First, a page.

Figure 3 produces a NPV = -$4,633 based on an out-of-pocket expenditure of $20,035.


When b = 1 and h = 10 years, this describes the exponential type, random failure and the mean time to failure is equal to eta (i.e., 10 years).  As you can see from the costs curve we have 1/10 chance for failure each year, i.e., (1/10)*$10,000 = $1000 annual exposure.  Detailed results of the simulation, regarding failures is shown in Table 3.

It’s easy to see that failures are occurring every 10 years in the simplified model of chance failures which is equal to 63.2% of the Weibull CDF.  The simulated numbers for cost are ±0.2% of the expected value of $1000.

Figure 4 shows the costs to be used each year for the Weibull statistic with b = 0.7.  These infant mortality failure modes (i.e., b < 1) incur high costs in the early years where expenditures carry a high value.  Thus the NPV is worse than other conditions in Figure 1-3. 

Figure 4 produces a NPV = -$5,374 with an out-of-pocket expenditure of $20,386.


The early high cost failures from infant mortality have major cost impact on NPV.  The failure details and cost numbers are shown in Table 4 with the first failure accumulating in 8+ years.

The first failure occurs in 8 years which is 57.5% of the Weibull CDF, the second failure 12 years later, and the third failure is also 12 years later.

These four examples show:
      1.  how to find failure costs for each project year with different failure modes
      2.  how early failure costs are killers for NPV
      3.  the need for Weibull failure statistics to be able to find failures and costs
      4.  why it’s important to know how equipment will live and die to get correct cost profiles by year
In summary, here is a comparison of these examples for repair when broken:


Figure 1’s results are the least negative and thus the preferred case.  The least preferred case is shown in Figure 4 and Table 4.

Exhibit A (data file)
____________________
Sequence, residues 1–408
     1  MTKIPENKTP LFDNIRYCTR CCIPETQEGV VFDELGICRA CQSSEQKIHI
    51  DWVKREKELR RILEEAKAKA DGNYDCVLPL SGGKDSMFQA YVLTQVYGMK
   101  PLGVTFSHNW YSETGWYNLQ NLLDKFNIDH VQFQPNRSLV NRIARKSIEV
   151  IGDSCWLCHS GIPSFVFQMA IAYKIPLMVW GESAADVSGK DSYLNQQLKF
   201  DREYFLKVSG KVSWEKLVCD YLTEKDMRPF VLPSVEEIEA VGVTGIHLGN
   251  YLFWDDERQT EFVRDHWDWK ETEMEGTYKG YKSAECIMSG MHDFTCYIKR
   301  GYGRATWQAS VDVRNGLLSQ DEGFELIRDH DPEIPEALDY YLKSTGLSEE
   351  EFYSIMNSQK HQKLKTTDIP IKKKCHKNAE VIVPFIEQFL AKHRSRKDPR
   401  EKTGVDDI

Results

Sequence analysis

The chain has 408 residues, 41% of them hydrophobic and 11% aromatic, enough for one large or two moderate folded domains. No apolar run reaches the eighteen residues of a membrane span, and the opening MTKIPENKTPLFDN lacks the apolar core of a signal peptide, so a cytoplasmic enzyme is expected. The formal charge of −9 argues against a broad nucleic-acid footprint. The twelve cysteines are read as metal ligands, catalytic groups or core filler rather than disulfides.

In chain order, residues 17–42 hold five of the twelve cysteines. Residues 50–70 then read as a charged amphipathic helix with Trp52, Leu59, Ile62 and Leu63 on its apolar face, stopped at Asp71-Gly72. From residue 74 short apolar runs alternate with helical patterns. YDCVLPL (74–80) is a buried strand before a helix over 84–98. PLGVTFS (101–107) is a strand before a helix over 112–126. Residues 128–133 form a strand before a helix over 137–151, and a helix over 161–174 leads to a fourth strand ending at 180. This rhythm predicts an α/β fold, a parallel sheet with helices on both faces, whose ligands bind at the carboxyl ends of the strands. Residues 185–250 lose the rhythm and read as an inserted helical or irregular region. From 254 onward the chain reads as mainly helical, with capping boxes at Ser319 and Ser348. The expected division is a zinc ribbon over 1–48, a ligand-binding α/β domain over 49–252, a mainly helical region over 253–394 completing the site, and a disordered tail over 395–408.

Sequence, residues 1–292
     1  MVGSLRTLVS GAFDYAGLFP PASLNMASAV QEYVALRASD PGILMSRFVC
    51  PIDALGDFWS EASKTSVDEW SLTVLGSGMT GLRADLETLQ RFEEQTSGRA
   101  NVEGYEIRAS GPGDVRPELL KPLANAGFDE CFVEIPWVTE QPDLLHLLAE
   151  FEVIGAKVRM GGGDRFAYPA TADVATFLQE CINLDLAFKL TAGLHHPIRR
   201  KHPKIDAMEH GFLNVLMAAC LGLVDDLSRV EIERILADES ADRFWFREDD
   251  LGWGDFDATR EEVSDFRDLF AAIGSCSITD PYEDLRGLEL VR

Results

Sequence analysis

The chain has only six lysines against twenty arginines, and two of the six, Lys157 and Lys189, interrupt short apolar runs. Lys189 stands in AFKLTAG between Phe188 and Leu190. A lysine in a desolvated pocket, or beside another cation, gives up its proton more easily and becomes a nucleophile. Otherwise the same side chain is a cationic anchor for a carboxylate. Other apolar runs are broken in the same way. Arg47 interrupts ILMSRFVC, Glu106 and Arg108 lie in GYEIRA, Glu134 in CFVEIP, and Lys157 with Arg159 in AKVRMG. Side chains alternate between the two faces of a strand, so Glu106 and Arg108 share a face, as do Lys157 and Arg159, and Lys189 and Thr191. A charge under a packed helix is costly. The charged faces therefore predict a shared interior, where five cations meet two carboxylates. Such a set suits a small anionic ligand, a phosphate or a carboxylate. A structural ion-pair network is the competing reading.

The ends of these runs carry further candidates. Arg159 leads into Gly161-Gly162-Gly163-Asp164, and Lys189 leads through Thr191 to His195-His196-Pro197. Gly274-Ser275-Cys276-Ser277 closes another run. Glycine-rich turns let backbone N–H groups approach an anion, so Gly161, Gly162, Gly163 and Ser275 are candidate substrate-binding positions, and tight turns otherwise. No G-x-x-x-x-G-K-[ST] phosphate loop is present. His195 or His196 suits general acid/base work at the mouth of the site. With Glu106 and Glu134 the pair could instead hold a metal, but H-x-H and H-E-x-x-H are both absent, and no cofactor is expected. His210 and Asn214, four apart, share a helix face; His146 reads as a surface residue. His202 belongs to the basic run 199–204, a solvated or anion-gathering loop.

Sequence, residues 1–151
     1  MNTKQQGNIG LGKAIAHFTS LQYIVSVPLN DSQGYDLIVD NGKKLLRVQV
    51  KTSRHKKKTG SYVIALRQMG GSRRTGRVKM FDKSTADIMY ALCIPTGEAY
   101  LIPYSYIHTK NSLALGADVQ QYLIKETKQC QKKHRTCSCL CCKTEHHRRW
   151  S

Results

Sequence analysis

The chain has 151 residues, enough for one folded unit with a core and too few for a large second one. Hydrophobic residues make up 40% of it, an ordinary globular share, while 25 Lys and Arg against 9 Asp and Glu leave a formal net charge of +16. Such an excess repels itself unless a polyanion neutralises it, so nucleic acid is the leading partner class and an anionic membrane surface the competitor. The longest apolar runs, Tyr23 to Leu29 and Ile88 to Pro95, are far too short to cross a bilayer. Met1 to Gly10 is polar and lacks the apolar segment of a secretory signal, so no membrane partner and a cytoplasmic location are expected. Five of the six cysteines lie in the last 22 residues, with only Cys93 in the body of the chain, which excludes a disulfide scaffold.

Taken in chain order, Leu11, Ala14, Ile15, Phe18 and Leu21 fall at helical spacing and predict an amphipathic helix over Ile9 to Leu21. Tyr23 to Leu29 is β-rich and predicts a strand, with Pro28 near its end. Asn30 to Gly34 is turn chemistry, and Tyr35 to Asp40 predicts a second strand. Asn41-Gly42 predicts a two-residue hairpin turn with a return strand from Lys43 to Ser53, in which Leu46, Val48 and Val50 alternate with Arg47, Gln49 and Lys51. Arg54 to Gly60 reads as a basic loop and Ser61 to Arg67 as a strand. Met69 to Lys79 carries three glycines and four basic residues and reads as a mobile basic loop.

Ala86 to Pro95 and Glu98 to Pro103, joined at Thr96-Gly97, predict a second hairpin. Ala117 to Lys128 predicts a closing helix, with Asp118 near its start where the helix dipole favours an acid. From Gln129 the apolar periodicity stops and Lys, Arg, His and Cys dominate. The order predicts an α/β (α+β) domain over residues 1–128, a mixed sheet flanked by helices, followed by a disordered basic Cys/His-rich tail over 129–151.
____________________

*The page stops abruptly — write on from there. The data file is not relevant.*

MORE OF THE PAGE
You can find other LCC resources on this website:

1.     Find Annual Cost For Life Cycle Cost Calculations With Planned Replacements

2.     Optimizing Equipment Reliability Data for End-Users and Equipment Suppliers.

3.     Life Cycle Cost Tutorial

4.     Life Cycle Cost & Reliability for Process Equipment

5.     Life Cycle Cost And Good Practices

6.     How to Justify Machinery Improvements Using Reliability Engineering Principles

7.     Why You Need Practical Reliability Details To Define Life Cycle Costs For Your Products and Competitors Products!

8.     How To Justify Equipment Improvements Using Life Cycle Cost and Reliability Principles

9.     Reliability Issues From A Management Perspective

10.  A Life Cycle Cost Summary

11.  Life Cycle Cost Analysis—Who Does What?

12.  Reliability And Life Cycle Cost

13.  Life Cycle Cost Issues

14.  Life Cycle Cost Training

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Refer to the caveats on the Problem Of The Month Page about the limitations of the solution above. Maybe you have a better idea on how to solve the problem. Maybe you find where I've screwed-up the solution and you can point out my errors as you check my calculations. E-mail your comments, criticism, and corrections to: Paul Barringer by     clicking here.   Return to the top of this problem.

You can download a PDF copy of this Problem Of The Month by clicking here.   By the way, the tables are readable in the PDF file.

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Last revised 3/14/2005
© Barringer & Associates, Inc. 2004